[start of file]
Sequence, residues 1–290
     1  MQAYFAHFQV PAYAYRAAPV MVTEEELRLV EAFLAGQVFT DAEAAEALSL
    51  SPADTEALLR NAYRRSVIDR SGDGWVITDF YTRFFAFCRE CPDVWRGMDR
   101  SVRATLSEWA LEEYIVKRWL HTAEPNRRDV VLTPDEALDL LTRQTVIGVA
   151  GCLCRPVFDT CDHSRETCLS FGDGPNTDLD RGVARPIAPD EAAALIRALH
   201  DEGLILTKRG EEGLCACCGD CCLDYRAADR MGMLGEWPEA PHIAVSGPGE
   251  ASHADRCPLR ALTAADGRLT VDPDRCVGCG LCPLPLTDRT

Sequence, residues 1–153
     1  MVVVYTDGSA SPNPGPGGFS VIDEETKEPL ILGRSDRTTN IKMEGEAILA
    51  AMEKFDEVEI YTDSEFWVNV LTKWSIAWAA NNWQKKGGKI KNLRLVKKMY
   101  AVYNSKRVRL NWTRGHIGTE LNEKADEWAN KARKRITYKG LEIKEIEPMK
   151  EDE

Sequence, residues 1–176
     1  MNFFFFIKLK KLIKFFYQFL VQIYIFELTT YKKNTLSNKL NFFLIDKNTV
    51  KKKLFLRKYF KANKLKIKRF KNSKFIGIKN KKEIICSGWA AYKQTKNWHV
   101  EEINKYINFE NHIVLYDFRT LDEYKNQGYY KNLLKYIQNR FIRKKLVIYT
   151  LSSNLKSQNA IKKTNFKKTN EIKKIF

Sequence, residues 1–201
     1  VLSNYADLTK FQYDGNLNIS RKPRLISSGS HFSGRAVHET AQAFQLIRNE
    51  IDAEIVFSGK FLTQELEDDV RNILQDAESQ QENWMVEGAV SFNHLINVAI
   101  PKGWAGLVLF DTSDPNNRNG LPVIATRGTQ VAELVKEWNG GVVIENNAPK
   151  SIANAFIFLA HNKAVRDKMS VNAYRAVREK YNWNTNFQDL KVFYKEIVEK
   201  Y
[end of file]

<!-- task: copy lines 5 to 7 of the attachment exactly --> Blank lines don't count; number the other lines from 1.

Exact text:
   151  GCLCRPVFDT CDHSRETCLS FGDGPNTDLD RGVARPIAPD EAAALIRALH
   201  DEGLILTKRG EEGLCACCGD CCLDYRAADR MGMLGEWPEA PHIAVSGPGE
   251  ASHADRCPLR ALTAADGRLT VDPDRCVGCG LCPLPLTDRT